The President’s Party felt like the grand finale of the ACM. It was a fantastic event, organized in careful detail from top to bottom. The party helped solidify existing bonds between colleagues. I can’t think of a better conference than the ACM to attend in the coming years. It brought back the bounce in my step at work as it gave me new ways to look at treatment and management of everyday conditions in my patients. Most of all, it made me want to be an advocate for my patients. I hope to take part in an ACOG leadership role in the near future. I would like to thank everyone who made ACM attendance possible for many others and me.


Dr. Rachel G. SinkeyRachel G. Sinkey, MD
New Orleans was the perfect host city for the Annual Clinical Meeting. The great weather and famous food were wonderful accompaniments to the meeting’s esteemed speakers and camaraderie between the attendees. The quality and variety of educational sessions was exceptional.

On Sunday, I attended a postgraduate course on the management of breast health for the generalist. The speaker reviewed screening recommendations and basic management algorithms. The clinical pearl from his talk was that of all the callbacks for mammography, only 3 in 100 result in a diagnosis of breast cancer. This is an important piece of information that would be easy to include in our script when we counsel patients before their mammogram. Knowing this statistic could save patients a tremendous amount of worry.

On Monday afternoon, I attended a session on preparing for life after residency. An experienced health attorney discussed tips for negotiating contracts and the importance of knowing the specifics of medical liability policies. Additional speakers focused on preparation for written boards, the collection of cases for oral boards, and advice for the job and fellowship application process. This session ran concurrent to a medical student session. During a session break we met with medical students from our districts. The 2013 ACM had the most medical students in attendance to date, which highlights the interest and enthusiasm we have in our upcoming ob-gyn resident candidates.

The last lecture I attended on obesity was timely and informative. Several pertinent facts were discussed, but one practical point rang home: the importance of giving intravenous, not intramuscular, Rho(D) immune globulin to our obese patients. Rh sensitization in patients who have prenatal care should only be historical, which correct administration of Rho(D) immune globulin can ensure. The speaker also questioned current weight gain recommendations by presenting data from Kaiser Permanente that showed patients in each body mass index category keep additional weight on postpartum.

What does the upcoming year hold for ACOG, its members, and, most importantly, our patients? ACOG President Jeanne A. Conry, MD, PhD, answered this question in her inaugural address. She presented a new national maternal health initiative sponsored by ACOG and the Society for Maternal-Fetal Medicine aimed at reducing maternal morbidity and mortality in the US by 50%, as well as reducing racial and ethnic maternal health disparities. The initiative emphasizes that maternal mortality in our country is too high. As Dr. Conry stressed, this is the year of the woman. And the ACM was a great start to this year.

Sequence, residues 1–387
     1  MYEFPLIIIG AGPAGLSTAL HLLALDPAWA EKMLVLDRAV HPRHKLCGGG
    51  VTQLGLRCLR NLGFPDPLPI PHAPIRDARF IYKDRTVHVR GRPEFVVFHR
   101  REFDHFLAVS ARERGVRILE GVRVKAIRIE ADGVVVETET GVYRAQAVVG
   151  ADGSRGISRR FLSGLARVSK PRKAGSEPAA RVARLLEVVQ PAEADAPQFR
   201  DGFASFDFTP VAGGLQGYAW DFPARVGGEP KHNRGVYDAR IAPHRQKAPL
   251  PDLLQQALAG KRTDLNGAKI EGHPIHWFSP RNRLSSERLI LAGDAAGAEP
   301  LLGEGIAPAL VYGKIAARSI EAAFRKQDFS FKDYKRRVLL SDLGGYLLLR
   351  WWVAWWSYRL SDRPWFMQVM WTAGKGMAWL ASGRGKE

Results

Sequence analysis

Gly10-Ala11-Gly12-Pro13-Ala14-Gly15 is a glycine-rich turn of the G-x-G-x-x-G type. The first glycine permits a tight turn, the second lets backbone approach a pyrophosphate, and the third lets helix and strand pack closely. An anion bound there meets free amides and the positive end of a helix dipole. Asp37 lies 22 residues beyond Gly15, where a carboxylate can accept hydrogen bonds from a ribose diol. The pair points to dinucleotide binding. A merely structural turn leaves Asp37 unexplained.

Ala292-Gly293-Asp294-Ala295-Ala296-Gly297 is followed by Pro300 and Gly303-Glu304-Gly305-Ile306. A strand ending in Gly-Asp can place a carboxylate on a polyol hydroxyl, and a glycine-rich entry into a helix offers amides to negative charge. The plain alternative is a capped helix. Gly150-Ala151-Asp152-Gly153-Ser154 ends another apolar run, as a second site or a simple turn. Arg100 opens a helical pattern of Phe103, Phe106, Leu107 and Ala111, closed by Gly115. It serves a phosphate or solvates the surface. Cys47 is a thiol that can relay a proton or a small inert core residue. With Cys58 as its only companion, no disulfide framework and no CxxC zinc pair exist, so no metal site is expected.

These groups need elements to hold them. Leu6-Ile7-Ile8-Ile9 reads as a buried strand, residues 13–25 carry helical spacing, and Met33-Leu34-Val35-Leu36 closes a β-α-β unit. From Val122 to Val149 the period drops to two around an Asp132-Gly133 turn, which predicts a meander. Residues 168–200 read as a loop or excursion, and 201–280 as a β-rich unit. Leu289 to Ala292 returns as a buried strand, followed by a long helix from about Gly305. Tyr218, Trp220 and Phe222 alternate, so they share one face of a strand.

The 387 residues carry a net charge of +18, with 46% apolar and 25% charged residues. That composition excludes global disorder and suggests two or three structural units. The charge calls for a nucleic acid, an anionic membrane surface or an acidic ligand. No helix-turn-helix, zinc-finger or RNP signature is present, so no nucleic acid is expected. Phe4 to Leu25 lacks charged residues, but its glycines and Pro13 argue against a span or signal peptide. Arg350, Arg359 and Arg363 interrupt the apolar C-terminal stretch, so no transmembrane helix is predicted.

Dr. Mary E. SterrettMary E. Sterrett, MD
The Ob-Gyn Reporter program gave me an opportunity I wouldn’t have been able to afford otherwise. I got to attend the annual meeting of the most innovative, focused, and hard-working leaders in the field of ob-gyn. The program was designed to remove the financial boundaries intrinsic to most residents and allow those chosen by their district to attend the Annual Clinical Meeting to, for lack of a finer phrase (and a nod to Kentucky), get a fire lit under their horse. Needless to say, I was excited and proud to have been selected as one of District V’s reporters.

Far more stands out at the ACM than simply the location, although stellar, and the exhibitors, although intriguing, or even the flow of lectures. What I enjoyed specifically about the meeting was how it could be tailored to each level of member participation.

I found the session on preparing for life after residency to be invaluable. It began with an overview of how to negotiate our first job contracts and went on to cover selecting and formatting our case lists for oral boards. My personal highlight was the roundtable discussion with ACOG Fellows. Their insights helped give structure to the application schedule and the importance of application material for my own journey.

Tuesday began with a Junior Fellow breakfast, which was followed by a rousing “Stump the Professors” session. No matter where I went during the meeting, I was welcomed with open arms by ACOG leaders, including Executive Board members and district chairs and vice chairs. Each day was filled, from 6:30 am until 8 or 10 pm at night, with educational and networking activities.

The last, but most important, information I gleaned from the meeting was the structure and involvement of ACOG as an organization. Prior to attending, the process of becoming a Fellow and what that meant within ACOG was a mystery. I hadn’t been sure what the Junior Fellows in my district did or what their role was in the greater collective. I see now that Junior Fellows, Fellows, and members of the Executive Board compile the committees that formulate our national political stances, advance us with new practice guidelines, advocate for women’s health care across the globe, and, more specifically, lead our individual communities and populations.

Overall, my participation in the Ob-Gyn Reporter program whetted my appetite to become more involved. I had always intended to pursue fellowship in maternal-fetal medicine to gain access to an underserved and academically stimulating population on a global scale. The ACM shifted my focus through the people and information gathered there. I now feel that large-scale interventions and improvements are more pronounced from policy change and education, as well as individual empowerment and choice. I’m beginning to see ACOG as an avenue for ob-gyns to push for social change, present influential research, and congregate the medical, legal, and business minds to propagate improvements in women’s health care. As much as I enjoyed the 2013 ACM, I’m more excited about being involved with ACOG throughout my career.